One in three young Chinese men could die from smoking if trends continue
Around a third of all young men in China will eventually be killed by smoking-related diseases unless there is widespread quitting, according to new research.
"This study reinforces why smokers should be given the support they need to quit and new smokers discouraged from starting” - Nicola Smith, Cancer Research UK
The study, published in The Lancet, found that roughly two thirds of all young men in China take up smoking - most before they turn 20.
Half of them will eventually die from the effects of smoking if they don’t quit, claim researchers from Oxford University, the Chinese Academy of Medical Sciences and the Chinese Centre for Disease Control.
Nicola Smith, senior health information officer at Cancer Research UK – which part-funded the study – said there needs to be widespread effort to tackle these figures.
“This research reveals the overwhelming worldwide tragedy of tobacco addiction, with smoking causing the deaths of around a fifth of all Chinese men during the 2010s. This is set to grow in the coming decades unless there is a widespread movement towards quitting,” she said.
The analysis combined data from two large studies, 15 years apart, that tracked health outcomes for China’s smokers.
The first study, which took place in the 1990s, involved over 250,000 men, while the second, which is still ongoing, is looking at half a million men and women.
By 2010, a million Chinese people were dying every year from smoking-related diseases. These were mainly men.
The research team predicts this figure will grow to two million by 2030 and three million in 2050.
“It’s a staggering number of lives lost, and reinforces why smokers should be given the support they need to quit and new smokers discouraged from starting,” added Smith.
But smoking rates appear to be low and still falling among Chinese women, along with the risk of premature death.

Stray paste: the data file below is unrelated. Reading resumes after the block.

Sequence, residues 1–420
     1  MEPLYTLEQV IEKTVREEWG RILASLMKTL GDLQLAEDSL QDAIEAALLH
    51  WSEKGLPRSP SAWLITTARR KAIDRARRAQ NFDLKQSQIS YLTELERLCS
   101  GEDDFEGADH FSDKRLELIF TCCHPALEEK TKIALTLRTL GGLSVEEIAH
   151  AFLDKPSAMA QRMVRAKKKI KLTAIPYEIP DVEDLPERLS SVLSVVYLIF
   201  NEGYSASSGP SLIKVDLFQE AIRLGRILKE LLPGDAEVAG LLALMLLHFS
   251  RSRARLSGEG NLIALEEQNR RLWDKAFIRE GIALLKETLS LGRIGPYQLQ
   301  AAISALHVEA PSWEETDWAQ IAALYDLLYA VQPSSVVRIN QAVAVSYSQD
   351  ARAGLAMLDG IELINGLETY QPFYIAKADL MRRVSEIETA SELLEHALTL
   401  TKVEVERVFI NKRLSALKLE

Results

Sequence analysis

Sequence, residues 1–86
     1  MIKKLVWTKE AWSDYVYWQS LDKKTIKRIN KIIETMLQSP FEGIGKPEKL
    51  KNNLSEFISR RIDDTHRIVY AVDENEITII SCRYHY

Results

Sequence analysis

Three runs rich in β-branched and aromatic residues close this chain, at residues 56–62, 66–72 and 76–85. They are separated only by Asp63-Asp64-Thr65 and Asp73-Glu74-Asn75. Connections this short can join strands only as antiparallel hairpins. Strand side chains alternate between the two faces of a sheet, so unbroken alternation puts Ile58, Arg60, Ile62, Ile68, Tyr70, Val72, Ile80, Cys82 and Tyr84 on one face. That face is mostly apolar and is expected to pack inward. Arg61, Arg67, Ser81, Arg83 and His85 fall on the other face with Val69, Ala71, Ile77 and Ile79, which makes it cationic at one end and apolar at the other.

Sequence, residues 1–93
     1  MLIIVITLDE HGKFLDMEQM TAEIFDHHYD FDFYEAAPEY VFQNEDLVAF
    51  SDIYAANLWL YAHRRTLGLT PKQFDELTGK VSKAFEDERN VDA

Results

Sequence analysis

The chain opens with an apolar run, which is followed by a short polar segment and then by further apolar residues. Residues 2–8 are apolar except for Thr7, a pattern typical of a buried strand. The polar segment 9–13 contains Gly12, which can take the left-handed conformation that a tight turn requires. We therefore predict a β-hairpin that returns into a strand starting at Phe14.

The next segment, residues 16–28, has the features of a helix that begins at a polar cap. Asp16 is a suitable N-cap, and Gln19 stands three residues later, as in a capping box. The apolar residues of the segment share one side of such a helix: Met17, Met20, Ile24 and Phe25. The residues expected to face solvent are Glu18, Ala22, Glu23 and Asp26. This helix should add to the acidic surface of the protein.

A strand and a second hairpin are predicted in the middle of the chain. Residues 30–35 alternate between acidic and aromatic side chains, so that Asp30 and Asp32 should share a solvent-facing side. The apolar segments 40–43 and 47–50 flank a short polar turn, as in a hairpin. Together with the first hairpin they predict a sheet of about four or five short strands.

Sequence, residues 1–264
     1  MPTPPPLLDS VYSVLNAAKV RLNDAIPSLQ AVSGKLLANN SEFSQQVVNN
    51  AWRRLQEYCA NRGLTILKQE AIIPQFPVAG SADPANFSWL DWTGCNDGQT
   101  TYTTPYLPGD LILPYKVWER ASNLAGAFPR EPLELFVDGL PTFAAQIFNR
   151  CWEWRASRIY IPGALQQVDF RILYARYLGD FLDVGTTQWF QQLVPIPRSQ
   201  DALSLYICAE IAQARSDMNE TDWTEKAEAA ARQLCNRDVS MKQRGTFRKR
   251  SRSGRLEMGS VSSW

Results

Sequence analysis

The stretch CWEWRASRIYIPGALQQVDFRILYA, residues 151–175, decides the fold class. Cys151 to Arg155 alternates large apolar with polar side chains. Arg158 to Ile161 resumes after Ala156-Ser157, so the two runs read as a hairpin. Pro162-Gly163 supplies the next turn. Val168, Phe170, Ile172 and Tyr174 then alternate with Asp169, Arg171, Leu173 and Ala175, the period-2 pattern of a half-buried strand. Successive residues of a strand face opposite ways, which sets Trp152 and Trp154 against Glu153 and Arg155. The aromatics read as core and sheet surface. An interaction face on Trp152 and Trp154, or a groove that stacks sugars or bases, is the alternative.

Out of those born in the 1930s, one in 10 women smoked. This figure fell to just one in 100 born in the 1960s. This has led to a drop in the death rate caused by tobacco to less than one per cent of women born since 1960.
While women are smoking less, more young men over the past decade have taken up the habit.
The effects of this rise are starting to make themselves known, as the percentage of deaths caused by smoking for the 40-79 year-old age group doubled from 10 per cent in the 1990s to 20 per cent now.
The problem is particularly bad in urban areas, where a quarter of all male deaths are related to smoking. But the figures are also growing for rural areas.
Co-author on the study, Professor Sir Richard Peto, said price increases in the Western world have helped reduce tobacco deaths. He says a similar policy could help in China.
Smith reiterated the success the UK has seen in tackling tobacco marketing, but stressed that there was more to be done.
“The UK has come a long way in reducing the influence of tobacco marketing, which for many decades misleadingly portrayed smoking as glamorous, enjoyable and safe,” she said.
“This study is a sobering reminder that reducing tobacco use must remain a focus for public health globally as well as in the UK. To save hundreds of thousands of lives in the coming decades, Cancer Research UK is calling on the government to commit to an ambitious new tobacco control strategy that shares our vision of a tobacco free generation by 2035.”